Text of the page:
Student newspaper containing Muhammad cartoons stolen

ILLINOIS –More than 2,500 copies of an Illinois college student newspaper containing thecartoons depicting the prophet Muhammad were stolen onFriday.

Kristina Zaremba, editor in chief of the Courier, the student newspaper at theCollege of DuPage in Glen Ellyn, Ill., said the papers went missing shortlyafter they were distributed Friday morning.

Zaremba said the cartoonswere published along with an article about an editorial cartoonist who gave aspeech earlier that week on campus titled ”Drawing Fire: A Discussion onthe Art of Visual Satire and the Muslim Cartoon Controversy.” The cartoonswere also accompanied by aneditorial explainingwhy the paper chose to print them.

”We felt that if the schoolfelt it was such an important issue as to pay someone to speak on it, we shouldcover it,” she said. ”And to effectively cover it, we needed to showthe cartoons.”

The cartoons, which were originally published inDenmark’s Jylland-Postennewspaper last year, have sparked riots in countries around the world byMuslims who were offended by the depictions. Representations of Muhammad arewidely discouraged in Islam for fear that they could lead toidolatry.

Several student newspapers at colleges in the United Stateshave reprinted the cartoons.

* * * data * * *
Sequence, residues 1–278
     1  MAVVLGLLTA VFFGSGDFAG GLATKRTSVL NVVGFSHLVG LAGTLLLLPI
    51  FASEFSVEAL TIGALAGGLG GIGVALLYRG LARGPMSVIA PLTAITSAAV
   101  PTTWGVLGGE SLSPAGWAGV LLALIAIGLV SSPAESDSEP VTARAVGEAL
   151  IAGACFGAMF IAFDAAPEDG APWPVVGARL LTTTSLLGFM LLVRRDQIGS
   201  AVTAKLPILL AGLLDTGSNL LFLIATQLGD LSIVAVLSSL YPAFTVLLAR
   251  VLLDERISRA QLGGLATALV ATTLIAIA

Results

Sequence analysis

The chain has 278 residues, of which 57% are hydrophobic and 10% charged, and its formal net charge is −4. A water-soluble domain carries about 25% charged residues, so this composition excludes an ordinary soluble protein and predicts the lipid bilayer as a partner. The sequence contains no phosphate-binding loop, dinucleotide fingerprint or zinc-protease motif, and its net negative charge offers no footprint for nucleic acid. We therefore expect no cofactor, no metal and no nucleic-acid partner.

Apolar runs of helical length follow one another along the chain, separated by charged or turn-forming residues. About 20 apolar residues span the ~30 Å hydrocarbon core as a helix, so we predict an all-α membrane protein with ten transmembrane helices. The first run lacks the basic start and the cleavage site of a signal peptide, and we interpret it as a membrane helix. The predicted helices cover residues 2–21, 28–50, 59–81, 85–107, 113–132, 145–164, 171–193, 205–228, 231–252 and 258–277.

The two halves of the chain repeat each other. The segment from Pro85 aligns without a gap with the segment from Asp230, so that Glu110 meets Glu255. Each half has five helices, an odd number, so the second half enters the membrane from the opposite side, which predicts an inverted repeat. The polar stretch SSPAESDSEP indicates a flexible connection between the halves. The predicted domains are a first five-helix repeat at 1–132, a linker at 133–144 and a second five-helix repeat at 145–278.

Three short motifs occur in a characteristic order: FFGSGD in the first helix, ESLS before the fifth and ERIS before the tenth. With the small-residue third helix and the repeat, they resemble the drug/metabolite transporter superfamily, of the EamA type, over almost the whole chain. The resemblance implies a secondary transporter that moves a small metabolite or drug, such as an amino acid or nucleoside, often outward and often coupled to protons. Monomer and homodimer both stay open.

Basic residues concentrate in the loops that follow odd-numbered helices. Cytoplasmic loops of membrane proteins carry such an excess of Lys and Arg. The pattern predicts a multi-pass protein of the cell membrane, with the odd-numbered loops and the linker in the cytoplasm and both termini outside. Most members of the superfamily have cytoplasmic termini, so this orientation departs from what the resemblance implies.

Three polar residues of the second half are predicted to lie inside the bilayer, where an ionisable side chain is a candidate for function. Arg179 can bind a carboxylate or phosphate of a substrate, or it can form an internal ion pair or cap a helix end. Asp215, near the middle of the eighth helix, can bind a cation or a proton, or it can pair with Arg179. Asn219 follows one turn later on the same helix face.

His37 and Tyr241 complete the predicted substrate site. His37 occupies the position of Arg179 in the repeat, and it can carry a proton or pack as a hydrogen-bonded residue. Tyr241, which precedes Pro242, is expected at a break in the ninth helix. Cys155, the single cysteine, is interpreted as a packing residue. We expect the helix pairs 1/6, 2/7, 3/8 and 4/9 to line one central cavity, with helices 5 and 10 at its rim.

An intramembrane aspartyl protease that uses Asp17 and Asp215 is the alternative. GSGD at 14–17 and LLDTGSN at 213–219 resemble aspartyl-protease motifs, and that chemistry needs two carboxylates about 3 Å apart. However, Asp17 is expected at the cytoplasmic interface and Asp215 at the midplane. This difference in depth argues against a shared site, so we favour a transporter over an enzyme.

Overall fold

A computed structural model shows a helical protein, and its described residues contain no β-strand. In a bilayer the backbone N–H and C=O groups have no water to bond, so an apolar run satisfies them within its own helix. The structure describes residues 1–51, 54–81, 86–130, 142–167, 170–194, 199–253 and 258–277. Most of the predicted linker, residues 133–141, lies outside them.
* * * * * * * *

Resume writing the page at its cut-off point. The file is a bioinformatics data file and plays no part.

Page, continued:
Zaremba said she suspects those unhappywith the cartoons took the papers. She said paper staff told the Muslim StudentAssociation ahead of time that theCourier was planning on running thecartoons, and a lot of Muslim students complained about the decision beforepublication. A response from the Muslim Student Association was also printedalong with the cartoons in the stolen issue.

”We weren’tsurprised on Friday when we distributed the papers that they were systematicallyremoved from bins,” she said. ”When we tried to circulate some onMonday, those were immediately removed as well. People literally followed usaround on Monday taking the papers out of the bins.”

Zarembasaid she has been in contact with administrators who originally told her therewas nothing they could do about the theft. Administrators told Zaremba thatstudents who stole the papers could be subject to judicial review by the schoolif she provided specific names.

Zaremba estimates the Courier lost $3,000 in printing, staffsalary and other costs related to the theft.

”A lot ofadvertisers are legitimately upset,” she said.

Calls to Collegeof DuPage administrators were not returned. But DuPage President Sunil Chandsaid in a statement that the school ”understands the need for freedom ofspeech, the importance of embracing cultural diversity and the responsibilitiesthat accompany those commitments,” according to anarticlein the Chicago Tribune. Chand also saidthe newspaper ”did not reflect the values, aspirations and commitments ofthe College, and certainly not of [Chand]” in publishing the cartoons,according to the article.

Zaremba said she is worried thepaper’s next issue, which comes out Friday, will be stolen as well. Shesaid the issue contains pages and pages of letters to the editor, mostly fromMuslim students condemning the paper’s decision.

”I dofeel it’s censorship,” she said. ”They have silenced our voiceto the majority ofcampus.”